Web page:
To add to the depression permission was given, in 1635, to a rival Company under Sir William Courten to trade with the East. In 1640 the King, as usual in grievous want of money, forced the old Company to sell him on credit all the pepper they had in store for the sum of ^63,283 lis. id., which the King imme- diately sold for ,£50,626 17s. id., ready cash ; it does not appear that the Company ever received any com- pensation, beyond some .£13,000 owing for Custom dues.
The Company, driven by the Dutch from the Eastern Archipelago gradually commenced to estab- lish factories and settlements along the coast of India. In 1632 a factory was reopened at Masulipatam under an order known as the ” Golden Firman,” obtained from the Muhammadan King of Golconda. This settlement soon became the chief place of trade in India, its affairs being regulated by a Council. The Chief of the Council, Mr. Francis Day, made a visit to the Portuguese settlement at St. Thome, the supposed place of martyrdom of St. Thomas the Apostle, and founded there in 1640 a new factory and center of trade known as Madras town. A more important concession was obtained in 1636 by Mr. Gabriel Boughton, surgeon of the Hopewell. He was sum- moned to attend the Emperor’s daughter who, through her clothes catching fire, had been badly burned. De- lighted with the rapid recovery of his daughter, under the hands of the skillful English surgeon, the Emperor Shah Jahan, at Mr. Boughton’s request, granted the Company permission to establish a factory at Hugh’ and to make a settlement lower down the coast at Balasor where a fort was built which soon became the strong- est position held by the Company on the east coast.
Bombay, given by the Portuguese to Charles II. on his marriage with Catherine of Braganza, as part of her dower, was leased by the King in 1669 to the Company on a rent of ^10 per annum — a possession which from 1685 grew to be the chief port of trade on the west coast.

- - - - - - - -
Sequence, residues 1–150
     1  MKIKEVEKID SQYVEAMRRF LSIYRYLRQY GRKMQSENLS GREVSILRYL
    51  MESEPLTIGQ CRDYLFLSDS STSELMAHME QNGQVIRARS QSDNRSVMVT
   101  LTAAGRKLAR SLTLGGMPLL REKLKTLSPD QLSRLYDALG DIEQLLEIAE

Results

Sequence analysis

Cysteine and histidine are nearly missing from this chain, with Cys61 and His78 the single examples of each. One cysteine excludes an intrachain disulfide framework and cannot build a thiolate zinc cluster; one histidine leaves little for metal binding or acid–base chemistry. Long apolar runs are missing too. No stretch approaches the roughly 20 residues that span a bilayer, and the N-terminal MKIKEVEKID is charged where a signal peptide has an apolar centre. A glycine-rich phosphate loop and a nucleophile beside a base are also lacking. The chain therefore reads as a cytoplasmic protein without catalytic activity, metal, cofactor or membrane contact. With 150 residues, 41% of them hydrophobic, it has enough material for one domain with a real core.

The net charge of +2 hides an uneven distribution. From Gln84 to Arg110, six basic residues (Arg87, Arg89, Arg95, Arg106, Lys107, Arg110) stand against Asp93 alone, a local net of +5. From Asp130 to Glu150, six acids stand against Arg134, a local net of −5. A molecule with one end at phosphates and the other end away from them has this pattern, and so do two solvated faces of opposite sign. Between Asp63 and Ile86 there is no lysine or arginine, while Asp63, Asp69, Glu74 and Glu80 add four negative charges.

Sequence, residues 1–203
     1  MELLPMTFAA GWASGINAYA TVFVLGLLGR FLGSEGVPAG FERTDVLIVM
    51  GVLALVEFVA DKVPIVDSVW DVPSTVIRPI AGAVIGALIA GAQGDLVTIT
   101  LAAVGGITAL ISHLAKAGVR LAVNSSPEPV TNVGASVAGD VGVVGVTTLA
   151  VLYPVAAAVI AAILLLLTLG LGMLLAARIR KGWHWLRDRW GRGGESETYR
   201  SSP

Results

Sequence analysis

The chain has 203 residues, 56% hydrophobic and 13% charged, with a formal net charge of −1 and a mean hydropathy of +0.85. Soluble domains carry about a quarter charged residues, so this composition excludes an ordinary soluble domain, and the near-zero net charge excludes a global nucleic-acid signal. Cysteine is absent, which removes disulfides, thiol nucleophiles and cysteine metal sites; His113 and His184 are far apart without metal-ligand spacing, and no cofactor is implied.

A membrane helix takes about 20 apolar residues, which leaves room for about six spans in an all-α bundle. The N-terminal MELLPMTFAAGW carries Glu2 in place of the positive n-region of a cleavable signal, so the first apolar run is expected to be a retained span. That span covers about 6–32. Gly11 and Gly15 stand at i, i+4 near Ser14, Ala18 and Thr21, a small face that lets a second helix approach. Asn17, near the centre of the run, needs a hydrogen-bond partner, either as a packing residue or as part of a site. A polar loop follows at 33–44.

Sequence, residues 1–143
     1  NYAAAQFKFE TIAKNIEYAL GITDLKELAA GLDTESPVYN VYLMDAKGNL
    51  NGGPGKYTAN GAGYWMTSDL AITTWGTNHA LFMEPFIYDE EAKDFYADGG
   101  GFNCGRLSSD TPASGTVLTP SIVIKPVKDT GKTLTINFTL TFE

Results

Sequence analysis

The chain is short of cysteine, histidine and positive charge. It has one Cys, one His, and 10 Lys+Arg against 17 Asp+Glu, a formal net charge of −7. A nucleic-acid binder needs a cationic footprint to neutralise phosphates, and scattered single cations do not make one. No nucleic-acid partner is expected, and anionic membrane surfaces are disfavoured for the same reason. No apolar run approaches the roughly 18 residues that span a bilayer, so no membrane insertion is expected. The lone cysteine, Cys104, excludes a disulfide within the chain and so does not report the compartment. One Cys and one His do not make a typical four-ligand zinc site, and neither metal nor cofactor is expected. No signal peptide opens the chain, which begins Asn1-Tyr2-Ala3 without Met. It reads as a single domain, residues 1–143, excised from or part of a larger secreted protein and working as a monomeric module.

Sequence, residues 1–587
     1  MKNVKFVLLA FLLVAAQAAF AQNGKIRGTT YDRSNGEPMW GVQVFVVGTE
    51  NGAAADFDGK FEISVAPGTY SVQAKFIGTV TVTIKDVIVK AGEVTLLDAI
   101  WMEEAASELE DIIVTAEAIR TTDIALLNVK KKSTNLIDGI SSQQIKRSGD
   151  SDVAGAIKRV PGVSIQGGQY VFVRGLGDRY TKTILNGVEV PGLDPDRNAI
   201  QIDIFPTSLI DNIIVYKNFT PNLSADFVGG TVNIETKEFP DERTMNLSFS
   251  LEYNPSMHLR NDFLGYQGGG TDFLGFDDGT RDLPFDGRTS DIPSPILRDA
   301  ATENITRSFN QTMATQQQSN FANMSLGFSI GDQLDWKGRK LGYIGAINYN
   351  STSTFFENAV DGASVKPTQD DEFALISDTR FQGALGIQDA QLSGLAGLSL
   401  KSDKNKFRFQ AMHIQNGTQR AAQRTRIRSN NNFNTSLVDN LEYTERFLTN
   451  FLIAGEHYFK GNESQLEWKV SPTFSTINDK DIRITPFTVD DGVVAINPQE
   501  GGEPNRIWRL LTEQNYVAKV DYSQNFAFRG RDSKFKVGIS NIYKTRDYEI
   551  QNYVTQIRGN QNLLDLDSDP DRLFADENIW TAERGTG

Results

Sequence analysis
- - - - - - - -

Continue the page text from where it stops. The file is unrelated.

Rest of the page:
While the London merchants were thus establish- ing centres of trade abroad, efforts were being made by the home Government to undermine the growing enterprise of the Dutch who, in 1622-3, had founded New Amsterdam, now New York, in America, and in 1650 commenced the colonization of the Cape of Good Hope. By the Navigation Act, passed in 165 1, Cromwell not only prepared the way for the future extension of English shipping and commerce, but struck a decisive blow at the prosperity of the Dutch, then the carriers of the world’s sea-borne trade. By this Act no goods from the East, from Africa or from America, were allowed to be imported into Great Britain unless carried in ships belonging to England and her colonies.
In the war which ensued the Dutch had much to lose ; attacks could be made on their rich merchant ships and their supplies cut off. England, on the other hand, had but little carrying trade to defend and was secure in her own agricultural resources. The Dutch fleet, under Martin Tromp, was defeated by
Blake off Dover in 1652 — a defeat retrieved by the end of the year when Tromp won a decisive victory, afterwards sailing down the Channel with a broom flying at his masthead to show that he had swept the P2nglish from the seas. In March, 1653, Blake and Monk defeated Tromp and De Ruyter in the three days’ fight off Beachy Head. In August Tromp was killed in the engagement off the Texel peace being afterwards concluded between the rival powers, neither able to gain much advantage by continuing the conflict.
France was now commencing her struggle for participation in the commerce of the world. As early as 1604 French companies had been formed and ships sent out to the East, but no serious efforts had been made to interfere with the Dutch and English. It was not until the year 1664 that Colbert, successor to the celebrated Minister Mazarin, suc- ceeded in arousing the interest of Louis XIV. in a scheme for enriching France by a fostering of her resources and development of her commerce. The exclusive right of trading to the East was granted to a powerful Company, formed with a capital of fifteen million francs, while as a basis for naval operations in the narrow seas, Louis XIV., in 1662, purchased from Charles II. the fortress of Dunkirk taken by England in 1658 from the Spanish Nether- lands.